"But we want the community and the public to feel safe and we want people to make sure we’ve still got a system where people still pay their debt to society — so what does that look like for New Zealand?
"We have to start asking questions about whether those alternatives to community-based sentencing are being used well."
Ms Ardern says the debate about the justice system is separate to the decision about whether to proceed with the previous Government’s expansion plans for Waikeria prison in Waikato [from 650 to 2000] — a decision yet to be taken. She hopes the public already has a sense of way she operates and the flavour of the Government — with big themes including child well-being, reinvigorating education, housing, thriving regions, environmental measures and sharing prosperity.
But she also wants to enhance New Zealand’s reputation internationally as an advocate, especially on nuclear non-proliferation and climate change. It is something that has been playing on her mind since being in Opposition, she says.
"I see us having a sense of responsibility within the Pacific to make sure we are not only doing our bit domestically but are seen to be advocates internationally, as well — because I feel the burden of our Pacific neighbours for that, too."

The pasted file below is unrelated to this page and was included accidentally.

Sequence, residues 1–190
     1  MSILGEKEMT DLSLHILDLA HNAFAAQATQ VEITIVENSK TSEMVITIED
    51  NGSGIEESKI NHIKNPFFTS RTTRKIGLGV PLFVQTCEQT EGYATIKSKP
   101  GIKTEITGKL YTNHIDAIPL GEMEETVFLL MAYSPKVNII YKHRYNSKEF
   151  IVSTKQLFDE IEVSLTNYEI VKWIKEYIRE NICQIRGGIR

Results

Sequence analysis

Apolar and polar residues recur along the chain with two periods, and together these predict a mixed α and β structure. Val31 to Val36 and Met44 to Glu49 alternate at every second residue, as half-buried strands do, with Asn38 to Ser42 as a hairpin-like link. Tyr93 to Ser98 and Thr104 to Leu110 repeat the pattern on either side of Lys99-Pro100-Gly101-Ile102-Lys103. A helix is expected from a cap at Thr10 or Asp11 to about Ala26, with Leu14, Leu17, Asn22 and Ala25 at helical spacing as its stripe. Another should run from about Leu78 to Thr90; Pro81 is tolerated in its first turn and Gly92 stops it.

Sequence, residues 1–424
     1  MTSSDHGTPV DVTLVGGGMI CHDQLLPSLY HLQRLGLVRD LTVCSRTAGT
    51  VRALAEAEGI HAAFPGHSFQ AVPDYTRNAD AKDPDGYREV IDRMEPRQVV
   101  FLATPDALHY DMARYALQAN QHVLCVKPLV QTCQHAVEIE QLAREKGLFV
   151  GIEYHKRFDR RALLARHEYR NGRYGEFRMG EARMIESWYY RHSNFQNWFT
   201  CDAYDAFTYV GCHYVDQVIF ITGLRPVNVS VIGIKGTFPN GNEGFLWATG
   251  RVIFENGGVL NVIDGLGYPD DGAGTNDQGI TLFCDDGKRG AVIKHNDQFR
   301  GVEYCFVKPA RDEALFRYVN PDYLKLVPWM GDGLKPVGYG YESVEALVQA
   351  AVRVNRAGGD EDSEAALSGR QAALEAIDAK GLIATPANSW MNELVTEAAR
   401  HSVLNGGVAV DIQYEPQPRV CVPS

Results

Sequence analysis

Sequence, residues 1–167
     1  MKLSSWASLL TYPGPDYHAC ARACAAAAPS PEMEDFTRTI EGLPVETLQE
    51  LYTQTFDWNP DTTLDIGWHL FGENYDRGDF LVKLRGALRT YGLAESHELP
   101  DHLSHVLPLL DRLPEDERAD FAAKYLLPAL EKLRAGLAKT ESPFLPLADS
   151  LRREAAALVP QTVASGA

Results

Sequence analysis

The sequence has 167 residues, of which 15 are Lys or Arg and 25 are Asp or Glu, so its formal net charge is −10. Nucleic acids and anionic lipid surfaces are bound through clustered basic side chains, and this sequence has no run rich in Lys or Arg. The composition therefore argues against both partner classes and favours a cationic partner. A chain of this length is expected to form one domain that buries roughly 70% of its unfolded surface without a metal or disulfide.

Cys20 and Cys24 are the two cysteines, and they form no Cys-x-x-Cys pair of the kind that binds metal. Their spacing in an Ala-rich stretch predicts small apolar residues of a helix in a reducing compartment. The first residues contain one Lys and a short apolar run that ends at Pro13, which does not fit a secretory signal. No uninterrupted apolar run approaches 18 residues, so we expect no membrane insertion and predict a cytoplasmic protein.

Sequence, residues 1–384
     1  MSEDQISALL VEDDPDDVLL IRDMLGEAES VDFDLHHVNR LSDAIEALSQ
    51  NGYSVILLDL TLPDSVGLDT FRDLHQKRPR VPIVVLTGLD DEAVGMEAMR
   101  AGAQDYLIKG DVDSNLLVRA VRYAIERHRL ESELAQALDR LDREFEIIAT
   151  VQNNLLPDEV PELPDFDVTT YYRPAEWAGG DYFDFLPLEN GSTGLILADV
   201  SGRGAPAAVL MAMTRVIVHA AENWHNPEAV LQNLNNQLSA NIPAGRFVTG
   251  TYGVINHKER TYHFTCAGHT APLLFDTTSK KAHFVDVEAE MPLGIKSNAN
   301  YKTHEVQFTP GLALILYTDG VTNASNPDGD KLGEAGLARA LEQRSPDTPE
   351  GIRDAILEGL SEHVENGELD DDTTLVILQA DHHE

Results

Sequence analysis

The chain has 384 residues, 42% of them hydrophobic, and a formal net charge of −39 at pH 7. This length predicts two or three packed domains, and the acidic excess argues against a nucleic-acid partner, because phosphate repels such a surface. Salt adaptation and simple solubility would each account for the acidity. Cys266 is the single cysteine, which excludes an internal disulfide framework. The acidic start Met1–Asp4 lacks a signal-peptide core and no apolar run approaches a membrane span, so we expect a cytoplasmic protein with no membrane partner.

She has already been far more forthright than the previous Government in criticising Australia over its offshore asylum seeker centres in Papua New Guinea and Nauru, antagonising the Government over the Ditch.
And she has had no qualms about criticising Mr Trump on occasion, either. Earlier this week she said the suggestion that he referred to Haiti and African countries as "shitholes" was offensive and sad.
"Imagine if you’d said that about New Zealand, how we would respond," she says.
"Everyone should feel pride in their culture, in their home country and no-one should assert superiority over any other country, its people or its country."
Michael Wolff’s book about Mr Trump, Fire and Fury, is not on her summer reading list, but her partner has immersed himself in American politics.
"It is like a political soap opera. Even if I miss an article, Clarke will update me," she says.
She is not bothered by suggestions that her answers about events happening abroad lead to friction.
"Am I worried about whether or not being honest about our view of the world will cause diplomatic friction? I think, actually, what characterises New Zealand is that, no matter what or no matter our size, we will give an honest reflection of our view and I think that is probably what people would expect us to do."
- Audrey Young